So people have taken a person who exhibits behavior of mental illness and fabricated a cold-hearted, vengeful killer incited by right-wing vitriol to hate Democrat policy/votes so much that he bides his time until an opportune moment to kill a Democrat. What a terrible thing.

  13. K Gray says:

    I can’t substantiate your reference to “Sarah Palin’s rhetoric about gettin’ your Moose gun out and goin’ huntin’ ya some liberals” Do you have a cite?

  14. Lee says:

    Ah, yes, take a poll, and from results which show a rather skewed result based on the way the question was asked, and the addition of other data, and infer that “the public is rejecting” the hyperbole. Specifically, as to whether this particular individual was on a right wing political terror crusade, the general belief of, what, about half of the people questioned is that he wasn’t. But that’s not really the issue related to the political discourse here. There’s not any evidence that Loughner is a left-wing nut case either, though that’s the mantra of the conservative pundits, and has been almost since the shooting. As the President said last night, this has prompted a necessary discussion, including the level of “political vitriol” that currently exists. People are entitled to their opinion, just like 9-11 truthers and Obama birthers, though there is nothing to substantiate either of those positions.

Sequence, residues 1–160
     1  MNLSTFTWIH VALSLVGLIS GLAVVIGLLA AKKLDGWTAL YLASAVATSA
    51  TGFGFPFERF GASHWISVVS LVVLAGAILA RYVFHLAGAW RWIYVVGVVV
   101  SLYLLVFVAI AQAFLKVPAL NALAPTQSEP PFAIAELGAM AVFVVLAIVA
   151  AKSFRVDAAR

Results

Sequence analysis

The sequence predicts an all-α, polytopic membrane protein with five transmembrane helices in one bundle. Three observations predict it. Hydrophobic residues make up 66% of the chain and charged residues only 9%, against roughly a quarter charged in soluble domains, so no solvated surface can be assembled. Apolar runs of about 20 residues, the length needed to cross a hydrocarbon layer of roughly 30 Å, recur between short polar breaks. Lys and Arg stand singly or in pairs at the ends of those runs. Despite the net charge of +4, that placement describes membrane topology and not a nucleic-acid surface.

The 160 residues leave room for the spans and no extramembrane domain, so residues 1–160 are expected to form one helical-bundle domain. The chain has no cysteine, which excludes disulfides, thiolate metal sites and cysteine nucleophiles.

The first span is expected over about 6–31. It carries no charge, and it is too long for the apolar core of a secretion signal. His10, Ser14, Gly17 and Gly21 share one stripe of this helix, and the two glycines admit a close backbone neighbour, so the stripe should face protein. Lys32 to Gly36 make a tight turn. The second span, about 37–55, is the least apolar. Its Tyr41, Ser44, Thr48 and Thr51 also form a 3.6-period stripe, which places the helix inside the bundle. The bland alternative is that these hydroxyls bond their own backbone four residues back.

But judging from the reaction of the audience in Tucson last night, and from the very shrill reaction among the self-appointed political expert radio disc jockeys, there seems to be a lot of fear that “the liberals are going to get away with” something that will be to the political detriment of “their side.” Governor Brewer, Senator McCain and Senator Kyl were politely applauded in Tucson last night, but the ovations that greeted Janet Napolitano, Eric Holder and the President were overwhelming. If I were a Republican politician in Arizona at the moment, I’d be very thankful that the election was in November, and not next Tuesday.

    The moose hunting analogy isn’t a direct quote, if that’s what you were looking for. But the did an excellent job, much better than I could do, in clearly interpreting her imagery.
    http://www.csmonitor.com/USA/Politics/2010/0327/Sarah-Palin-s-gun-imagery-takes-aim-at-political-targets

  15. Colby says:

    This is a political debate. Giffords raised the issue of the use of rifle crosshairs on Palin’s attack website during the campaign, and it didn’t get a whole lot of attention until she was shot by a nutcase who had apparently been angered by her some time ago, and planned to do something like this for quite some time. Now, the congresswoman’s comments are getting some attention as a result of this incident, though the shooting may or may not have been a direct result of any specific “political rhetoric.” We don’t know, and probably will never know, what prompted Loghner to spray a supermarket parking lot with bullets, taking care to make sure Giffords was his first victim.

    In the course of a response, Palin did a wonderful job of painting herself as a victim as well, in one of the most personalized and self-serving statements I’ve ever heard from a politician (if you can really even call her that). She also did a wonderful job of alienating even more people than she already has. The Obama presidential campaign for re-election in 2012 couldn’t buy the kind of support it will get if she’s anywhere near the possibility of running. If I were his campaign manager, I’d find a way to keep her in the race at all costs.

    http://www.religiondispatches.org/dispatches/antheabutler/4028/palin%E2%80%99s_persecution_complex_culminates_with_%E2%80%9Cblood_libel%E2%80%9D_accusation/